"That stress can be inferred as to why she snapped, for want of a better word."
On July 11, 2017 the family had been in New Zealand for only two weeks.
At around midday, Tooman's partner sent her a text message: "Hey my sexy girl, how's ya day going?"
Tooman responded minutes later: "Hey babe, we all good. I'm doin [sic] washing… kids r playing n [another daughter] is watching movies."
Two and a half hours later, Tooman called him to say the baby was struggling to breathe.
Her partner told her to call an ambulance.
Experienced paramedic Martyn Berry was one of the first on the scene. He took one look at the baby and knew "this is critical".
"The child … looked incredibly pale and it appeared the child wasn't breathing and lying limp," he said.
The baby was initially taken to Middlemore Hospital but later transferred to Auckland's Starship children's hospital.
The father rode along in the front of the ambulance, leaving Tooman behind to care for their other three children.
Tooman began sending messages to her partner about half an hour later.
"What's wrong with my baby" and a minute later: "Please, please make sure she's ok, please. Why is this happening to us, why?"
"There I thought we were going to have a great life [and] something horrible happens, why? I hope my baby is fine."
For the second time in her short life, the baby was fighting for her life.
Tooman's ex-partner told the court that at one point, the doctors removed the baby from a life support machine.
"I had to hold her … the doctor said she was going to pass away because she wouldn't be able to breathe or anything, because her brain wouldn't be able to tell her."
Somehow his daughter managed to breathe on her own.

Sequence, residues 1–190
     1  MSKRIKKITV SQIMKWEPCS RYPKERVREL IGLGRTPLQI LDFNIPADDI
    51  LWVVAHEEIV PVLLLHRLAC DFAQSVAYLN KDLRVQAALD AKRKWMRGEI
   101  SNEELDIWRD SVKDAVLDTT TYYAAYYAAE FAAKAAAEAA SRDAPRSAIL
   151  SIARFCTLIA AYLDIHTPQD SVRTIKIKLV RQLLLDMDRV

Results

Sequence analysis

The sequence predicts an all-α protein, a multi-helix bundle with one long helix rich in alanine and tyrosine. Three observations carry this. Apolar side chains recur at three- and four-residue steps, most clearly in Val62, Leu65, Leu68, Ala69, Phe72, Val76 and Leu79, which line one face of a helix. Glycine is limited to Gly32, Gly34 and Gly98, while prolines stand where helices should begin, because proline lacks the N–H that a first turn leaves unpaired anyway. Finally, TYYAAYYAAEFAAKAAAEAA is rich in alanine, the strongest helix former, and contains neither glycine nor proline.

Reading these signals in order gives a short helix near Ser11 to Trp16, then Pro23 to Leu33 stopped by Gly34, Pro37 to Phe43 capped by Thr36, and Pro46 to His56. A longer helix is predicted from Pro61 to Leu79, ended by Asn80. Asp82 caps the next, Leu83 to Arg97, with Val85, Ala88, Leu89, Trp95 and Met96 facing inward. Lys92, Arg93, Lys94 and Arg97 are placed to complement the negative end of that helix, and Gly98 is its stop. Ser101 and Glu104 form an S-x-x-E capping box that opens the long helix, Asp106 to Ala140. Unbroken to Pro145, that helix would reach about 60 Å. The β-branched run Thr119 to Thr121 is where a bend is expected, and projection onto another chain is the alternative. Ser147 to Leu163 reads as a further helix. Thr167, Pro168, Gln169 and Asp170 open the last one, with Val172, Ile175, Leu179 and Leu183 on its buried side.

During his evidence, Dr Kelly updated the court on the child's progress, following extensive medical care.
As at September, 2019, she was two and a half years old, and Dr Kelly said she was walking and talking. She was also able to attend preschool with the help of a teacher aide.
But there are lasting effects of brain damage.
She has developed microcephaly, an abnormally small head. Her skull has not grown at the normal rate because of her damaged brain.
She does not have full use of her left arm and legs.
The doctor said her issues had nothing to do with her premature birth.
"The problems she has now are purely a result of what brought her into hospital on July 11, ."
Her new caregivers, who sat through the entire High Court trial in the public gallery, were also in court to see Tooman found guilty.
Since her baby's injuries, Tooman has had a fifth child. Stuff understands the baby was removed from her care by Oranga Tamariki and placed with an approved whanau caregiver.
After being convicted on Wednesday, Tooman was remanded in custody and will be sentenced in June.
Justice Hinton has called for a psychological and cultural report to be filed with the court before then.
Source: 9News https://www.9news.com.au/world/new-zealand-mother-told-friend-she-was-abusing-baby-weeks-before-causing-her-brain-damage/dd2b27d1-b88a-405f-8602-849df7561454